So I wake from a dream. And in it, he’s getting married. It probably doesn’t help that my best friend texts me, “I ran into T with his girlfriend.”

I want to ask if she’s pretty, as if that matters. As if that does anything.

I wake up with a sharp pain in my chest, like maybe someone actually did stab me and I just haven’t seen the blood yet. I look him up on LinkedIn, just to see his face. I know that picture. I remember it well.


Dear T,

I hope you are so happy. I hope you are so filled with love and that you get married and she is everything I couldn’t be. I hope you have kids with little half dimples and they sit at the piano with you, little legs that dangle and can’t reach the ground. I hope Iron Man still makes you think of me, even when you’re 65 years old and aren’t even sure why that cartoon makes your throat suddenly thick. I hope you keep surprising people with your talents and that your creativity has a place to blossom. I hope your mom is healthy and surrounded with happiness. I hope you know that you changed my life.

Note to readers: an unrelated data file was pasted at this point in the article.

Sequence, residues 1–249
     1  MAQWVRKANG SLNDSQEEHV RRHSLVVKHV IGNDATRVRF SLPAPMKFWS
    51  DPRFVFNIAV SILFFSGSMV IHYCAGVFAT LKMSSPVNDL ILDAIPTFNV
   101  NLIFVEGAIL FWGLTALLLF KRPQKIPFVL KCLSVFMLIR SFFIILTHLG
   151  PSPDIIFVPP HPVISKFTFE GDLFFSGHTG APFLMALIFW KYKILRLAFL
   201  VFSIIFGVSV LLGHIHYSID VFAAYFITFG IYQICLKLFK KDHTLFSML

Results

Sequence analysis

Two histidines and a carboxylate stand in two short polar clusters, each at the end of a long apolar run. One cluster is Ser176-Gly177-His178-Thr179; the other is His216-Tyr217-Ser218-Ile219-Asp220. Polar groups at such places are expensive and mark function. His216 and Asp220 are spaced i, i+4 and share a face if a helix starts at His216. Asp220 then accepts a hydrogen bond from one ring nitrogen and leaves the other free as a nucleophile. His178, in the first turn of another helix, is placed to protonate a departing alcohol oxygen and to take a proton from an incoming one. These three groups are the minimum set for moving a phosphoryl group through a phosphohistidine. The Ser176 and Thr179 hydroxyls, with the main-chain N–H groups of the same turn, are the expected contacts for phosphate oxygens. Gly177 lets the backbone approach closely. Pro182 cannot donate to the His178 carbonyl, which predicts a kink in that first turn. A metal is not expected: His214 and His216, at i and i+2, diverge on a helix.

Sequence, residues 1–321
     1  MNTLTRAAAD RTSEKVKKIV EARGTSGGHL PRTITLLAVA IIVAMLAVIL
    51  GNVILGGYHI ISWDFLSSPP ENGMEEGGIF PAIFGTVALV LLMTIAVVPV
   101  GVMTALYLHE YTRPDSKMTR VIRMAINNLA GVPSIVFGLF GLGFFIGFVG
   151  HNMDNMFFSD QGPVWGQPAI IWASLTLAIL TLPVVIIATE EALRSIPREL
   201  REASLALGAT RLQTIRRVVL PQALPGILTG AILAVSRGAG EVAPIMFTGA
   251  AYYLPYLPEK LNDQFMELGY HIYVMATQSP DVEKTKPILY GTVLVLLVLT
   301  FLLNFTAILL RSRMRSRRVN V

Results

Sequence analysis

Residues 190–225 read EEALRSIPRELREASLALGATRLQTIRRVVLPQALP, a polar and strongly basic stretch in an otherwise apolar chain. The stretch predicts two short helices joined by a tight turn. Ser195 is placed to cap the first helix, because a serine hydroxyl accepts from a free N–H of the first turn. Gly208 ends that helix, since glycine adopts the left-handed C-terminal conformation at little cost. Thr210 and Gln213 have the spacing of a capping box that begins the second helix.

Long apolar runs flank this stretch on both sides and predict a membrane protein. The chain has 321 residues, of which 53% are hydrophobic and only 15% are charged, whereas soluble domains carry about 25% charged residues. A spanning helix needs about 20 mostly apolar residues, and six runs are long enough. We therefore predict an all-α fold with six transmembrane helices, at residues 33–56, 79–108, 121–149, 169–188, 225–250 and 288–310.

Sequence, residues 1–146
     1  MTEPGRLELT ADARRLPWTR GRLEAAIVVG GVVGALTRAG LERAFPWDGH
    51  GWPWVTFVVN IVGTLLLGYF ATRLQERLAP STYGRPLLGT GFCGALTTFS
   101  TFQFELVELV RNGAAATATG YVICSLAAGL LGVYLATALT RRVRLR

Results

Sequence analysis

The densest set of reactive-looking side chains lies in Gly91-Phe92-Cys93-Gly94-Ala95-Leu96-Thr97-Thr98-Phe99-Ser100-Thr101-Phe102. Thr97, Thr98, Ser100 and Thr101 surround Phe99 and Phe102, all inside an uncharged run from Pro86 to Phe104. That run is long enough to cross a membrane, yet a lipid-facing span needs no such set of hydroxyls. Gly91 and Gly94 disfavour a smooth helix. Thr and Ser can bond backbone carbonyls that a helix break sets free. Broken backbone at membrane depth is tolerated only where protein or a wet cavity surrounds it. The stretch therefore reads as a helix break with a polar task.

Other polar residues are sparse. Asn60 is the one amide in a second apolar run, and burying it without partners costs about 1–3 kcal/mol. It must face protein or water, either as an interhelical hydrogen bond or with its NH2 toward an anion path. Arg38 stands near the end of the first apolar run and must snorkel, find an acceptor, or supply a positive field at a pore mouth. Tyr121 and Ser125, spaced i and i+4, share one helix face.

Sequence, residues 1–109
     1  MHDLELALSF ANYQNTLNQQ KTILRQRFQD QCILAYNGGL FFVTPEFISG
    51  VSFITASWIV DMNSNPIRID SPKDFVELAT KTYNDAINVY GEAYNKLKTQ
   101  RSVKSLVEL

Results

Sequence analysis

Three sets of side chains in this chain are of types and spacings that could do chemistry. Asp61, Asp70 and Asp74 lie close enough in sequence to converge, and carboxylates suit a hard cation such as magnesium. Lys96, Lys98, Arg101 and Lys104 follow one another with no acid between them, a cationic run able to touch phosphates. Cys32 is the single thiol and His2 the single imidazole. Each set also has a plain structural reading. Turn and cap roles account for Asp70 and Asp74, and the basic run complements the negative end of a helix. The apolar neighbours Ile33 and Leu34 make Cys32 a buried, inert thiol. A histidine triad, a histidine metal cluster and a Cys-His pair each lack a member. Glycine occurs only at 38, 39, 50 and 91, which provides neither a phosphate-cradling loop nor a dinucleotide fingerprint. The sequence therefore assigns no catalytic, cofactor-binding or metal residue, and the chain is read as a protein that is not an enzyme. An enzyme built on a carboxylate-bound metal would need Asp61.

I hope you know that you changed my life in the best ways. In the painful ways. In the “I know what love feels like when it’s actually good” ways.

It has been three years. And I think I’m realizing part of me will always love you.

It’s the ending to a movie I really loved. Some nights, I think of watching it again. But I don’t have the DVD. TC mark

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Ari Eastman

✨ real(ly not) chill. poet. writer. mental health activist. mama shark. ✨

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  • http://mindyourwings.wordpress.com mindyourwings

    this is so well written…. and i loved it… and there are ppl we need to let go, though they always have a place in our hearts..